Politics, Philosophy, and Empire in the Fourth Century: Select Orations of Themistius

By Themistius; Peter Heather et al. | Go to book overview

CHAPTER 4
THEODOSIUS, GRATIAN, AND THE GOTHS:
THEMISTIUS ORATIONS 14–16

Orations 14, 15 and 16 comprise the first three speeches given by Themistius to the Emperor Theodosius, who, after a five-month delay, succeeded Valens as emperor of the eastern half of the Roman Empire in January 379. They were delivered at intervals between early summer 379 and January 383. For most of this period, much of the new emperor's attention was directed towards the foreign policy problem posed by groups of Goths loose on Roman territory, who had, indeed, been responsible for the death of Valens in the battle of Hadrianople in August 378. The speeches have much to say about the Gothic war, therefore, and the peace agreement which brought it to a close in October 382, and it is chiefly for this reason that they have been studied. They are also extremely revealing of the evolution of Theodosius' relations with his western colleague Gratian. In addition, Themistius reconsidered in all three speeches the reign of Theodosius' predecessor in the east, the Emperor Valens. To set these speeches properly in context, therefore, it is necessary to reflect upon the origins of the Gothic war, which Theodosius was called upon to fight. This also sheds further important light upon the relationship of Themistius with Valens, which had begun so promisingly in 364 (Chapter 3).


VALENS, THEMISTIUS, AND THE GOTHS (C. 376–8)

Sometime in the mid-370s, two main Gothic groups - the Tervingi under Alavivus and Fritigern and the Greuthungi under Alatheus and Saphrax - came to the lower Danube frontier of the Roman Empire to request asylum. Previously, and for the best part of a century, they had occupied lands north of the Black Sea, but stability in that region had been destroyed by nomadic Hunnic raiders. Local Roman commanders referred the matter to their emperor. Valens, however, was in Antioch, so matters rested where they stood for at least a couple of months, perhaps longer, while Gothic embassies were sent the thousand or so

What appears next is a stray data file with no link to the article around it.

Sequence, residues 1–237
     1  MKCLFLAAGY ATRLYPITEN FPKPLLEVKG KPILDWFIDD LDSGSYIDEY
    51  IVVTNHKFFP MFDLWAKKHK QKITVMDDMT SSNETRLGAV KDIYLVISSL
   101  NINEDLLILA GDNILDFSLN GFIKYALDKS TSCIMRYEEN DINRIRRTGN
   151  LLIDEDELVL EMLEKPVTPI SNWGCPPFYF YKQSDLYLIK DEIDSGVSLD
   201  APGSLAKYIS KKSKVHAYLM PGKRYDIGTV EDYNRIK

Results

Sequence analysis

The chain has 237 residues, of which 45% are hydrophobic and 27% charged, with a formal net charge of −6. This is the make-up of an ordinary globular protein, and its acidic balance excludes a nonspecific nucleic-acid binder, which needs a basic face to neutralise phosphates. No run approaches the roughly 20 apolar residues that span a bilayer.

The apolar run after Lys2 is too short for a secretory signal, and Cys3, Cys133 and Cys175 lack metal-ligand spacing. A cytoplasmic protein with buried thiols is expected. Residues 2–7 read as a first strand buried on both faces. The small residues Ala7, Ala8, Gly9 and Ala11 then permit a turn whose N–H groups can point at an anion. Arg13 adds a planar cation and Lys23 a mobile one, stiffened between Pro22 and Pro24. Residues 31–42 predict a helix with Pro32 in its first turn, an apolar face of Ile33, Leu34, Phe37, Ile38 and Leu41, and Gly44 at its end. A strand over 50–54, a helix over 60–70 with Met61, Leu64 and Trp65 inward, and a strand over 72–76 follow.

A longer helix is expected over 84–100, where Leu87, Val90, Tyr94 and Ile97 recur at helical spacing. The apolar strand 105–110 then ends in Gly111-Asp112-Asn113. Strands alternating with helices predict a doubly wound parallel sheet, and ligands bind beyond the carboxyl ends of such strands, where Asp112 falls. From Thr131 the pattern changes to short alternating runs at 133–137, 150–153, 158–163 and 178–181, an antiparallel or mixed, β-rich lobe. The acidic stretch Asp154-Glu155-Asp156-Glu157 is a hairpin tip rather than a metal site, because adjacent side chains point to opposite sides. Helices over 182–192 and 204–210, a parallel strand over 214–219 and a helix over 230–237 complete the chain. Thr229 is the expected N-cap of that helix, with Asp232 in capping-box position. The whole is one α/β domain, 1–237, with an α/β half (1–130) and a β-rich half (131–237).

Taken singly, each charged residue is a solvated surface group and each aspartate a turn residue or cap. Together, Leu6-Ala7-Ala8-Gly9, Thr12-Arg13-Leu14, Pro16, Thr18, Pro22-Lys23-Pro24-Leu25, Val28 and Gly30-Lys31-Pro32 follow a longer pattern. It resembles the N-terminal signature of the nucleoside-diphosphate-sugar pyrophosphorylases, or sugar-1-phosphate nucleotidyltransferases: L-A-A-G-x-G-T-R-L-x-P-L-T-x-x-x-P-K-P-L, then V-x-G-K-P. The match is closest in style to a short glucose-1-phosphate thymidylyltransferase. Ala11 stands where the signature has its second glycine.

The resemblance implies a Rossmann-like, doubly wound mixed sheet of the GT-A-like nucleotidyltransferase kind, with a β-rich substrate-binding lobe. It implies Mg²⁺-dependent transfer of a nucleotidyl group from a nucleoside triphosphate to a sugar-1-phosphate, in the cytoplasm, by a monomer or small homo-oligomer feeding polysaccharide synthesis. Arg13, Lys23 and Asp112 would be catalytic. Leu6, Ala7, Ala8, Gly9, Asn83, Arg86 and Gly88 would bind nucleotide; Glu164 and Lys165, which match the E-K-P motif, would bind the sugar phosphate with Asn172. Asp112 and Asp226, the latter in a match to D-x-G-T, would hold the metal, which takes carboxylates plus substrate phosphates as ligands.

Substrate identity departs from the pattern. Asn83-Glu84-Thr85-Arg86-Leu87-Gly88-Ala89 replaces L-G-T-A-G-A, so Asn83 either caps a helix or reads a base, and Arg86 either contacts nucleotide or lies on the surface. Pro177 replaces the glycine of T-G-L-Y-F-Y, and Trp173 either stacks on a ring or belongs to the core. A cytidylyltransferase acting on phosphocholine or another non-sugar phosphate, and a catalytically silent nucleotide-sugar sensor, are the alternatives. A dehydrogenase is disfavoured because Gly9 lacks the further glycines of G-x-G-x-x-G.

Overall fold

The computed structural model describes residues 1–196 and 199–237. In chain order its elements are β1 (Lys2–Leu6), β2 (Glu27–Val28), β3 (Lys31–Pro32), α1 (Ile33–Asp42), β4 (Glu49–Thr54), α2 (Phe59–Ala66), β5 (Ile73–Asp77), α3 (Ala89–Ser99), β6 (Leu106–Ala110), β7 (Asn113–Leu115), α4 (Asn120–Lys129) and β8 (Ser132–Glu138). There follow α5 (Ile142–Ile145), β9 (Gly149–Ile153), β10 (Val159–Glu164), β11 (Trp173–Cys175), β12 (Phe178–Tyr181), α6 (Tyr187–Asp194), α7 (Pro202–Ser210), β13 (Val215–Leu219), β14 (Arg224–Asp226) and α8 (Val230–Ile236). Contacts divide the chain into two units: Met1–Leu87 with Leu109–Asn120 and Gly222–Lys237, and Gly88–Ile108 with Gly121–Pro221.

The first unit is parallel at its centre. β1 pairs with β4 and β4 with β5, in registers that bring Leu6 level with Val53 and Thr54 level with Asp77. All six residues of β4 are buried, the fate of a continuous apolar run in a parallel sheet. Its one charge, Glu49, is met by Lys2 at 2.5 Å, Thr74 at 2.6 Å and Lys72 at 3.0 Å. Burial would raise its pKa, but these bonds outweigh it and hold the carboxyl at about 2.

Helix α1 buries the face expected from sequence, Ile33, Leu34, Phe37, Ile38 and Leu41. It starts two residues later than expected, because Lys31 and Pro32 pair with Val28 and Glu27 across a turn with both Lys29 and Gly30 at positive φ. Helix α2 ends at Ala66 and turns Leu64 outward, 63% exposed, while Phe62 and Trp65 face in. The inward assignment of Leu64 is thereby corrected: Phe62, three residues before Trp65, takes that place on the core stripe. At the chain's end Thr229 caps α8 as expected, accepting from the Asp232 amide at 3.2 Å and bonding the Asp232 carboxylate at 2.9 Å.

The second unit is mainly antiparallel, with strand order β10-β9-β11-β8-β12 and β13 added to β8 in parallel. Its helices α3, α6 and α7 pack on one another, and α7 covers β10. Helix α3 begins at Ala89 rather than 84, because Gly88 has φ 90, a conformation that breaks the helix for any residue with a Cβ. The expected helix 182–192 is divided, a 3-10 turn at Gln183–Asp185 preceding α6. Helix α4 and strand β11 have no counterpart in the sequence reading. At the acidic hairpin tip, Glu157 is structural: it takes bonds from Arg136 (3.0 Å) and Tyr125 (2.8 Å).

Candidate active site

-199-

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Politics, Philosophy, and Empire in the Fourth Century: Select Orations of Themistius
Table of contents

Table of contents

  • Translated Texts for Historians i
  • Title Page iii
  • Table of Contents v
  • Abbreviations viii
  • Preface ix
  • Chapter 1: Orator, Emperor, and Senate 1
  • Chapter 2: Themistius and Constantius 43
  • Chapter 3: After Julian 137
  • Chapter 4: Theodosius, Gratian, and the Goths 199
  • Chapter 5: Philosopher Prefect 285
  • Bibliography 335
  • Index 1 349
  • Index 2 357
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